Q&A with Deanna Frick: Dancing her way toward a doctorate

Deanna Frick joined the Pacers Hype Crew during her first year at Butler. Photo by Riina Korri

SARAH HOHMAN | SPORTS EDITOR | shohman@butler.edu 

Dancing professionally is no easy job, and for sophomore Deanna Frick, it is not her only one. The health sciences major is not only pursuing a pre-med track, she is also on the Indiana Pacers Hype Crew. 

Frick grew up in the greater Milwaukee area where she danced for the Milwaukee Boys and Girls Club and began dancing for the Milwaukee Bucks her junior year of high school. Now in her second year dancing for the Pacers, Frick manages to balance an already-challenging workload with the demand of being center stage in Gainbridge. 

The Butler Collegian sat down with Frick to discuss her life as a dancer along with her future plans. 

THE BUTLER COLLEGIAN: How did you get into professional dancing at such a young age? 

DEANNA FRICK: My coach from the Boys and Girls Club ended up coaching for the Young Bucks, and then he just introduced it to me. I tried out my first year, and I didn’t make it. And then I did it again and I made it. And then I ended up making it to the older team, which is the 414 Crew after their year that they won the championship, so I did it my senior year [of high school]. 

TBC: What was the tryout process like to join an NBA dance team? 

DF: For the Bucks, it was really long. It was like a four-to-five-hour process — super long. We learned a routine in 30 minutes, and they were cutting people. We learned part of a routine, or half of a routine in 45 minutes. But for [the] Pacers, I think from the auditions to when we found out [who made it] was two and a half weeks. 

TBC: You’ve tried a lot of different styles of dance. How did you decide what you liked best and wanted to pursue on a professional level? 

DF: I feel like with ballet, all the assumptions were [that] it’s not very good for your mental health or like, physical health. I didn’t really enjoy it that much. I met really great people, but it wasn’t for me. I was really stiff at the end of the day, and I wanted to be more free with my movements. And I feel like the stories that came along with [hip hop], and the people that I met, these are how people get out of their bad situations is dance. I don’t do this for a living, I do this more for fun, but it’s a good release from school.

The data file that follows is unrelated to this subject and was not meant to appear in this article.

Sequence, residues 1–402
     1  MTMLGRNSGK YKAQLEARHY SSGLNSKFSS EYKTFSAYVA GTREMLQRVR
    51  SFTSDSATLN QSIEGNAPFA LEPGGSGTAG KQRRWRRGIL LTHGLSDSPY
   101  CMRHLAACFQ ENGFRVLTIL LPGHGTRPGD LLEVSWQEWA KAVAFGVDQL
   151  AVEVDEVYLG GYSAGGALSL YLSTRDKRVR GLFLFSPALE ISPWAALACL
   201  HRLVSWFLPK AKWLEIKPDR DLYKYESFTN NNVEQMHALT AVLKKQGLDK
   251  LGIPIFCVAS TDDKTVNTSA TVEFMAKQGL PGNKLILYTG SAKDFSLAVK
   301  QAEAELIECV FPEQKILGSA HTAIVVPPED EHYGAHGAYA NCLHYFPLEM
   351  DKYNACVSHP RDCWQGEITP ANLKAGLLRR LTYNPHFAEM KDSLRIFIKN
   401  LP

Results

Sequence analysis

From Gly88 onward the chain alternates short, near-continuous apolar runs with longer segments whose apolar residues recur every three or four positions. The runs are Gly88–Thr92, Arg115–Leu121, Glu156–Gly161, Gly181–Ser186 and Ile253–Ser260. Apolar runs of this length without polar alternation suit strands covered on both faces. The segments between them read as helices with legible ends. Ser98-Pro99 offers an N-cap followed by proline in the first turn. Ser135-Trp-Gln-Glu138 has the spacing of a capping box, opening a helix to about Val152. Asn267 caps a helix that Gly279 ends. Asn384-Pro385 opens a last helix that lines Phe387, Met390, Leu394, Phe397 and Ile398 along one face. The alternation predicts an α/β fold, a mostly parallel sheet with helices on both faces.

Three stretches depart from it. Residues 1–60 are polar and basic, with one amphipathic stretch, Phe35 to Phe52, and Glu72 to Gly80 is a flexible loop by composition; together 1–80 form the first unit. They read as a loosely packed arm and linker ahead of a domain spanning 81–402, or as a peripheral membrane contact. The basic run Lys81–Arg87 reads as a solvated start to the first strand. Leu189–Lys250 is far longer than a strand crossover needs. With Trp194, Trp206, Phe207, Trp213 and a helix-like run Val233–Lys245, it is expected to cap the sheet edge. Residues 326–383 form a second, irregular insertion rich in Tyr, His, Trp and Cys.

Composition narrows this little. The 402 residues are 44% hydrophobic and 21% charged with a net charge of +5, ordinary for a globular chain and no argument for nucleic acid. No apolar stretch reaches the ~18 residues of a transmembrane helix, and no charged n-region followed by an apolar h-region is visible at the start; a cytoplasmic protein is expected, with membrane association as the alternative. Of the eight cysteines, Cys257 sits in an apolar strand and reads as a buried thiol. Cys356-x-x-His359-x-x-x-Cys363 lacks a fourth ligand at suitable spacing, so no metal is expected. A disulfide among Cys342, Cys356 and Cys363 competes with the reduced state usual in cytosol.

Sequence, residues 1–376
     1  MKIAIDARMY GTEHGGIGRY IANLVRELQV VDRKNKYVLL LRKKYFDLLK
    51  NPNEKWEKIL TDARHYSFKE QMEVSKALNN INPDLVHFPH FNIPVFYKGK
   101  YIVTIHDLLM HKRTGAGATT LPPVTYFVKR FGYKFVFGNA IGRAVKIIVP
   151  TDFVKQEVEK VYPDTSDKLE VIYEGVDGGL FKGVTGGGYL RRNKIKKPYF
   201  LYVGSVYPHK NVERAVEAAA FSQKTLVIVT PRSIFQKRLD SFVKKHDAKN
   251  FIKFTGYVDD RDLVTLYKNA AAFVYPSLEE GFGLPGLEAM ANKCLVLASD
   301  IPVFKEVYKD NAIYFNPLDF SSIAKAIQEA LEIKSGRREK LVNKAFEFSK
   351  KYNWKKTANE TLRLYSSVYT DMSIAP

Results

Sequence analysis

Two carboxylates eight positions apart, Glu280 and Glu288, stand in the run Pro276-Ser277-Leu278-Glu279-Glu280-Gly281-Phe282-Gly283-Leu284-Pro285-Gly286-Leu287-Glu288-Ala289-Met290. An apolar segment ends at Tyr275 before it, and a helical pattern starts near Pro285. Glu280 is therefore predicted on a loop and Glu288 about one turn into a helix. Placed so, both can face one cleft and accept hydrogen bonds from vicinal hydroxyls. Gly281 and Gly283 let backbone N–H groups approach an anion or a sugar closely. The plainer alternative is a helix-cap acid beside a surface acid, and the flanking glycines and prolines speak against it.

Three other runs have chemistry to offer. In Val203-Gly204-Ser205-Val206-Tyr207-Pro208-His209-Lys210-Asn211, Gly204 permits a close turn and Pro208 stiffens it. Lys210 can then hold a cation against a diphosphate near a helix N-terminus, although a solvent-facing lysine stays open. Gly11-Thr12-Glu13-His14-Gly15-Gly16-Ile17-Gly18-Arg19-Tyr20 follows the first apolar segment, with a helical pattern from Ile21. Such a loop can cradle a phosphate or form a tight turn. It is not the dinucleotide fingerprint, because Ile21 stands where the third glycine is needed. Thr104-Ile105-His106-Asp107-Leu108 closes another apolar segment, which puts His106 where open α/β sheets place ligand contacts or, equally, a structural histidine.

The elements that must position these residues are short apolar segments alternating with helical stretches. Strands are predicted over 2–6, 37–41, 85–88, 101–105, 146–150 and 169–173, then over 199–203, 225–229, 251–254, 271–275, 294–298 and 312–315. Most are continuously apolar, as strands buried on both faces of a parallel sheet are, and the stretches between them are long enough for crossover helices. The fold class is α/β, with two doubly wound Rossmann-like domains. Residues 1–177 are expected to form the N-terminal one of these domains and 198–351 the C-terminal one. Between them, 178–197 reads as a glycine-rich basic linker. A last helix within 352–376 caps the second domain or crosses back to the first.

TBC: When did you know you wanted to dance on a professional level? 

DF: Dancing for a program that had a lot of influence on me, I saw kids like me also doing NBA and professional, which is really, really cool. I wouldn’t expect someone to do that of my magnitude or their magnitude. Not saying they couldn’t, it’s just really difficult and you don’t expect kids to do that from an underprivileged program. So, I decided to try out for them. 

TBC: What is your favorite part about performing? 

DF: My favorite part of performing is being able to challenge myself and being able to be surrounded by a whole bunch of other people [who] also challenge me along the way as well. 

TBC: You are involved in many things including being a full-time college student, sorority life and dance. How do you balance a schedule like this? 

DF: I time-manage a lot. I don’t have a lot of downtime, but I try my best to make time for everything because I’m a social butterfly, but I also am an extroverted introvert. So I need to be inside and outside at the same time, but I think my downtime is literally just dancing, which might sound like a lot of work to some people, but it’s not a lot of work for me. I have a lot of people [who] also help me, which has helped me with meeting new people. I did it in high school, and I like stacking [my schedule] a lot, which kind of sounds crazy, but I like being busy. I don’t want to be sitting. 

TBC: What does your schedule look like on a weekly basis? 

DF: I’m currently taking 17 credits. I have two mandatory practices a week [for the Pacers] which are [on] Tuesdays and Thursdays. They’re from 8 p.m. to 10 p.m., but it’s a 35-minute drive away from here, and I like to be a little bit early as well. But granted on game weeks, it could be games [on] Monday, Wednesday, Friday, Saturday, so I don’t sleep, I don’t have a lot of time — but I’m a night owl. 

TBC: What’s your role at the hospital you work at in Milwaukee? 

DF: I actually work at the neuro ortho floor. I work the graveyard, which is the 11 p.m. to 7 a.m. [shift]. I worked with a lot of dementia patients and people that have brok[en] their hip or have gotten [into] accidents. It’s really cool because people are still people at the end of the day. I feel like I’ve learned a lot from them, I’ve gained a lot more patience from it and a lot more understanding about people. 

TBC: Is that something you want to do in the future? 

DF: I want to be a pediatric cardiologist when I’m older. I have a little brother that has a heart defect. He has a little hole in his heart. So it kind of influenced me into what I want to do. I love working with kids. 

TBC: Would you like to be able to incorporate dance into your future, even if it is a challenge? 

DF: I want to go to medical school. You don’t hear a lot of medical students [who are] NBA dancers or are able to manage it. I might be doing a gap year, so I might do it [then]. I’m hoping I can go back to the program that I was [with], the Boys and Girls Club. And once I’m hopefully [in] medical school, I [can] go back and be able to teach them or help volunteer during the summer and teach dance there as well. So, I still want to have dance in my future. I just don’t know if it’s completely going to be [with the] NBA.


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